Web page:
Statistically, most heart attacks happen in people with 30 to 50% blockages of their coronary arteries.This means that if the cardiologist performs a cardiac catheterization and tells the patient they are “fine” because they only have a 30-40%blockage; the risk of heart attacks is not really much lower. Being “fine” in this case only means that the patient is not a candidate for stent placement or open heart surgery at this time.

The teaching moment is that the patient should take these findings quite seriously, because they could easily be at higher risk for a heart attack. The right way to respond to these findings is to let them be a wake- up call and trigger a time for major changes in diet, stress level, and measuring, monitoring and lowering of several cardiovascular risk factors.

The Risk Factors

There are many risk factors that increase chances of having a cardiovascular disease or a heart condition. Some are independent of other factors, while others are not. Some factors are entirely out of our control, such as our sex or age; however, the good news is that we do theoretically have control over other factors, such as smoking, or stress management.Some factors are in between, that we may have some degree of control over them.

Independent Risk Factors
In addition to sex, age, family history and stress level, there are several risk factors that we may not have much control over. Some of these factors are:

  • High blood pressure (can be related to weight issues and stress factors)
  • Cholesterol*(genetic and metabolic factors, as well as diet)
  • Triglycerides (hereditary and poor diet)
  • Insulin level (diabetes and pre-diabetes)
  • Depression, sleep apnea, stressful conditions
  • C-reactive protein (inflammation, lupus, rheumatoid arthritis)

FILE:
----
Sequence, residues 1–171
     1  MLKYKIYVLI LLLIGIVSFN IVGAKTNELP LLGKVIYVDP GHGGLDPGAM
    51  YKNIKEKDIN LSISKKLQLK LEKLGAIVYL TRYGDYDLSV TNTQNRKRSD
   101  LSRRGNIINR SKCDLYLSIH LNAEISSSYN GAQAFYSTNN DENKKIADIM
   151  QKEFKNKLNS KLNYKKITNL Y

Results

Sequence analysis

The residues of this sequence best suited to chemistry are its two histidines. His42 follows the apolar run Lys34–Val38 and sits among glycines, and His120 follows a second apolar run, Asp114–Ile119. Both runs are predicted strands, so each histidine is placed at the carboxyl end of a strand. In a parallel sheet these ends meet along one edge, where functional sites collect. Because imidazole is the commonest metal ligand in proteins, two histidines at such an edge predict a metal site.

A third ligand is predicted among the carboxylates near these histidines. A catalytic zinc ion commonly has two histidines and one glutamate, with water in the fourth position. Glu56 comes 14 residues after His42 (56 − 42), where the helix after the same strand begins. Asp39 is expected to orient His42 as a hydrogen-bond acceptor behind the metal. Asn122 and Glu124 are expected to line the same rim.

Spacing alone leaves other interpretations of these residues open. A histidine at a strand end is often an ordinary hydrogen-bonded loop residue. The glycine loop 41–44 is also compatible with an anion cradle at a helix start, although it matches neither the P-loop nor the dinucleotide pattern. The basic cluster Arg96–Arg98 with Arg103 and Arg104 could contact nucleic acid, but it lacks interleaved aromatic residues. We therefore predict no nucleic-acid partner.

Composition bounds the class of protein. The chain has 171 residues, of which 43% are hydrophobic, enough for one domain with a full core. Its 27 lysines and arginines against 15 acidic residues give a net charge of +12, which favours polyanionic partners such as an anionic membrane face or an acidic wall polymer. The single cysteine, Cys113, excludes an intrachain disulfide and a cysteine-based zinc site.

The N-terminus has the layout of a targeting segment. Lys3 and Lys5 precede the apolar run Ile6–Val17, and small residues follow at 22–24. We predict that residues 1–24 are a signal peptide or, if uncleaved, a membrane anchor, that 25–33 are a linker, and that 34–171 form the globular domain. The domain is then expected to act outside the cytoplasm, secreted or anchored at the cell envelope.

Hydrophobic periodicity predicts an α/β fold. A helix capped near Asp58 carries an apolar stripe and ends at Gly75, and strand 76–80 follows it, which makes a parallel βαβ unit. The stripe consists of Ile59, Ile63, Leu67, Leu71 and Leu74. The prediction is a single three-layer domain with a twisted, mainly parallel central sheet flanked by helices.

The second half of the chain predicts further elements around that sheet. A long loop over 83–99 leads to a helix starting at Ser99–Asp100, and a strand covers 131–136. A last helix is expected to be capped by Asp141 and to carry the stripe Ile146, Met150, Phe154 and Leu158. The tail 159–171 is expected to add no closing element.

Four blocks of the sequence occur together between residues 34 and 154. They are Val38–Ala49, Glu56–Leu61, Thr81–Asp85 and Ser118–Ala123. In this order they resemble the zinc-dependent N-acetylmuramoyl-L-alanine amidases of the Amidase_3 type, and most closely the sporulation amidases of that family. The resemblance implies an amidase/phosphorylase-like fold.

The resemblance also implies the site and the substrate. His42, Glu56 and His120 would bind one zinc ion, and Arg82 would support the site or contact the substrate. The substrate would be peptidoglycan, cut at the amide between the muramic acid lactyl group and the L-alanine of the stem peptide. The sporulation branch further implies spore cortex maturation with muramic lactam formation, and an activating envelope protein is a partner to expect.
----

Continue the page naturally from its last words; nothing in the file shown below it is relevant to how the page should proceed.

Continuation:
• Homocysteine (aging and nutrient deficiencies)
  • Insufficient vitamins (Vitamin D and K)
  • Insufficient Omega-3 Fish Oil (or other oils), leads to rigidity of blood vessel walls.
  • Fibrinogen (over-coagulation)
  • Insufficient hormones (testosterone in males)

*We will discuss cholesterol in a different chapter, as many people know only enough about this very serious issue enough to be dangerous.

The conclusion we may come to from contemplating the list above is that most doctors choose to narrowly focus their lackluster fight against heart disease on just one or two risk factors. For instance, most cardiologists are absolutely obsessed with the idea that the lower the cholesterol, the better, and many would probably love to drive the cholesterol levels down to zero. In their quest to drive the cholesterol lower, cardiologists totally ignore the price their patients have to pay in terms of side effects, disability, early aging, memory loss, weakness, Parkinson’s, Alzheimer’s, fatigue, and even cancer. Too many times, cardiologists are so focused on the heart that they do not bother to monitor or consider their patients’ side effects or their overall quality of life.

It is ironic that so many cardiologists’doctors are doing this, but it comes as no surprise, since pharmaceutical companies have been spending serious money for decades to indoctrinate most cardiologists of the world.

There is a point I am trying to make here: The point is that it is not going to be your cardiologist or even your doctor’s job to keep a keen eye on all your cardiovascular risk factors. They should do it, but they never do. There are never enough resources, awareness, time, or expertise to address all these factors correctly and in the right context and right order.

We,as more educated patients, are the ones we need to be pro-active,to request and insist that all our cardiovascular risk factors are carefully measured and monitored.

Some cardiovascular risk factors are easy to change, with medications, diet supplements or even exercise, while others are more difficult. Our strategy on how to conquer and mitigate these factors will emerge when we begin to recognize how important each risk factor is.